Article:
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Chicano movie screening of Nicaragua’s fight against U.S. imperialism

By staff

Speakers at LA film event on Nicaragua’s fight against U.S. imperialism.

Lincoln Heights, CA – On Sunday, November 7, the Immigration Committee of the Community Service Organization (Centro CSO) hosted a screening of Nicaragua Against Empire, a film by Ramiro Sebastián Fúnez.

The screening, at the Church of the Epiphany in Lincoln Heights, Los Angeles, fell on the day of the Nicaraguan presidential elections, which resulted in the victory of leftist Daniel Ortega of the Sandinista National Liberation Front (FSLN) with 75.96% of the vote. The country named these elections “Elecciones Soberanas 2021” (Sovereign Elections 2021) and invited international elections observers to ensure clean and fair elections. Long lines of Nicaraguans filled the streets to cast their vote, and when it was clear that the FSLN won, people celebrated.

U.S. corporate media quickly responded to the results with false narratives about Ortega jailing his opponents before the election and suppressing peoples’ vote, calling him a dictator. The U.S. government is already preparing heightened sanctions for Nicaragua, as they have done in countries like Cuba, Venezuela and China.

At the event in LA, 25 people got a look into the reality of the country. Nicaragua Against Empire, shot on a Friends of the ATC solidarity delegation in March 2021, shows that people are very supportive of the FSLN and the life-changing benefits of the socialist government. Youth, women, and Afro-indigenous Nicaraguans are encouraged to participate in politics as part of the country’s path towards sovereignty.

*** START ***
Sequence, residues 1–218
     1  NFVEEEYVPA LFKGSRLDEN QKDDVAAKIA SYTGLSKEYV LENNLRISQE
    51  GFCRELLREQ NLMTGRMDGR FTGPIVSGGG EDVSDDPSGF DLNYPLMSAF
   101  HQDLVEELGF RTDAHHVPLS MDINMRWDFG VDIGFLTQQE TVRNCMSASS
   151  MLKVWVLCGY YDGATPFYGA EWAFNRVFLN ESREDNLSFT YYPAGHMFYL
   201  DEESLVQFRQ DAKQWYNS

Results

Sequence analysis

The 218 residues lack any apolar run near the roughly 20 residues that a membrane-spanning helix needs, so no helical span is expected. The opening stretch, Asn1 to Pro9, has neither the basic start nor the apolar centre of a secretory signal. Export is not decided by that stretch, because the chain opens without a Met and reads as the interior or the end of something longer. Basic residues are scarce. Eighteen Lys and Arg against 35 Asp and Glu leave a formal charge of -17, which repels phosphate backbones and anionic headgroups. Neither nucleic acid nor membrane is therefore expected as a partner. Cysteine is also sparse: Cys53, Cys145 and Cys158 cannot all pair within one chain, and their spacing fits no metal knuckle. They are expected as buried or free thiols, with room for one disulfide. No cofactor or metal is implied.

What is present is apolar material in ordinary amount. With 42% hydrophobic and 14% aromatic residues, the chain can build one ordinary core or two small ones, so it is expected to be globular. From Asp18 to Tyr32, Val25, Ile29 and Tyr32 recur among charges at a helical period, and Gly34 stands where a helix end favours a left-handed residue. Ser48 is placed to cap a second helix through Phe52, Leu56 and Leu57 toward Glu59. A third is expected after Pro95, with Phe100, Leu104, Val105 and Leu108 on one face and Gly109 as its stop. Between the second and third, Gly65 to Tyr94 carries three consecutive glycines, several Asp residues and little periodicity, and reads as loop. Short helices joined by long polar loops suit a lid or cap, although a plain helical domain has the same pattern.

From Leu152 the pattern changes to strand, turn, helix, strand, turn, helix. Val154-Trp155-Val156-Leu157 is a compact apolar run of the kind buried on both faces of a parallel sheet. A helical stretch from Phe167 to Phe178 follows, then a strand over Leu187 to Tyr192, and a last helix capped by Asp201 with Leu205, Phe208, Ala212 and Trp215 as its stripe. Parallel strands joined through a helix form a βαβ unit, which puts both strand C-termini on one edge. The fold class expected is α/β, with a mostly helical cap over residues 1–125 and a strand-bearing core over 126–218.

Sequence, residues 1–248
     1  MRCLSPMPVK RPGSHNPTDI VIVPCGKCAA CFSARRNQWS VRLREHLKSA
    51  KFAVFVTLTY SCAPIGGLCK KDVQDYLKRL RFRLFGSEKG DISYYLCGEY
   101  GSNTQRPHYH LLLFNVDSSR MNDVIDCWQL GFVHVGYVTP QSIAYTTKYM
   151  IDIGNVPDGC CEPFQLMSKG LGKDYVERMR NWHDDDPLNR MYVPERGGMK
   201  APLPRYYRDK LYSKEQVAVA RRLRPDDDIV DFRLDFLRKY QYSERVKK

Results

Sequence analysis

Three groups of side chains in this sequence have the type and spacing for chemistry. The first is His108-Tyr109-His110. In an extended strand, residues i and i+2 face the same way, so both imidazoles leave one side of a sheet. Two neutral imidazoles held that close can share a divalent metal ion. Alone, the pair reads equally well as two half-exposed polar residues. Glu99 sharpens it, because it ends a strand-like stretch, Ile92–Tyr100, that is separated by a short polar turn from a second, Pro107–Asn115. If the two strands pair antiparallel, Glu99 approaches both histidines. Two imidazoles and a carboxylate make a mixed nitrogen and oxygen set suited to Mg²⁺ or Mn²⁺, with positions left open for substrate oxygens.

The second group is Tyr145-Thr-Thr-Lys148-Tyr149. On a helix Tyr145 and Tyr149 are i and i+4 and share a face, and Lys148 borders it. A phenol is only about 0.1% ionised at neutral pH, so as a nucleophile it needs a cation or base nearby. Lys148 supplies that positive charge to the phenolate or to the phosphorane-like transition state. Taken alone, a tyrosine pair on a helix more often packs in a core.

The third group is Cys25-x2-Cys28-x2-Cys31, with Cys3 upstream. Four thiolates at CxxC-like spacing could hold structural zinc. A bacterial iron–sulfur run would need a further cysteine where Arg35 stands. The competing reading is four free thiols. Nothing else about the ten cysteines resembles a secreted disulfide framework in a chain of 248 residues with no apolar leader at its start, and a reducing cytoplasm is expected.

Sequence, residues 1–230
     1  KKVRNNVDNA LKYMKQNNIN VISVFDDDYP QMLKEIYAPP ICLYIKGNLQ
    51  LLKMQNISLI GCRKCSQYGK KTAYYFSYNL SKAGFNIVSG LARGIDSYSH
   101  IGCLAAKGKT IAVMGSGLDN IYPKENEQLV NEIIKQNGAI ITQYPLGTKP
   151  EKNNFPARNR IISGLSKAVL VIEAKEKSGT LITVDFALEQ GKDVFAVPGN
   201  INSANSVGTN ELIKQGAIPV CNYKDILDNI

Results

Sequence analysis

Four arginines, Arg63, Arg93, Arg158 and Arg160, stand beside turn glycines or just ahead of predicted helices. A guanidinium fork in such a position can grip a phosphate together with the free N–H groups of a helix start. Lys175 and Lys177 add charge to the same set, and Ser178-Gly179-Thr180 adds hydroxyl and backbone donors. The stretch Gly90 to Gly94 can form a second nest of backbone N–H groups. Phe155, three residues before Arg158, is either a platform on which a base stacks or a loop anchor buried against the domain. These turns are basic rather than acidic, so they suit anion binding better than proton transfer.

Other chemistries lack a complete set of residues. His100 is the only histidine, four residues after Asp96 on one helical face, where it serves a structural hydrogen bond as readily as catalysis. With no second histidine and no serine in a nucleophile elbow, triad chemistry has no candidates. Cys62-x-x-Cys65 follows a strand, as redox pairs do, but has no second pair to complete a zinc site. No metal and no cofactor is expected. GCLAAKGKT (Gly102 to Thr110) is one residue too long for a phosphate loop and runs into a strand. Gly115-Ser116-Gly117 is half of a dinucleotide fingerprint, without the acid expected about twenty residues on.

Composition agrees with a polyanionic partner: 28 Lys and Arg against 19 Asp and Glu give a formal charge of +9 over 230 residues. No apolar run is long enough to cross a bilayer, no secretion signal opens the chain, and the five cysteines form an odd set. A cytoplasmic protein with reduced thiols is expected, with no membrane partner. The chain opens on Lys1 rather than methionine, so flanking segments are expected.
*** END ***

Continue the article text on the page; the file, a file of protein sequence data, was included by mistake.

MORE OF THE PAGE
During the discussion around immigration, Fúnez noted that the majority of immigration into the United States is from Guatemala, Honduras, Haiti and Mexico, because of these countries’ state violence and lack of economic opportunities caused by decades of U.S. intervention and detrimental trade agreements. There is not a lot of immigration from Nicaragua, which has been rated one of the safest countries in the hemisphere and whose government offers economic opportunities, free education and healthcare, convenient transportation, and access to land. This allows Nicaraguans to stay in their home country.

The event was also a fundraiser to raise money to send families from LA whose loved ones have been killed by LAPD or LASD to the National Alliance Against Racist and Political Repression (NAARPR) conference in Chicago in December. The national conference is an opportunity to share strategy with other organizations fighting police brutality and to create plans to push for community control over the police in cities across the U.S. The fundraiser included a donation at the door, sales of plates of pupusas and aguas frescas, a raffle of succulents, and an auction of revolutionary memorabilia from Nicaragua and Venezuela, donated by CSO members who have visited these countries.

Fúnez remembered the connection that during the 70s, Nicaraguans were organizing to overthrow the Somoza dictatorship in churches at the same time that Chicanos were organizing for national liberation in Los Angeles, with the Church of the Epiphany as a historic organizing space.

Centro CSO supports the right to self-determination of other nations against U.S. imperialism and opposes the U.S.’ cruel sanctions. If you wish to join the Immigration Committee of CSO, send us a message at [email protected], text us at our hotline 323-943-2030, or contact us at our various social media platforms. @CentroCSO on Facebook, Twitter, TikTok and Instagram. The next public meeting will be online via Zoom, November 18, 6:30 p.m. PST.

LA event builds solidarity with Nicaragua.

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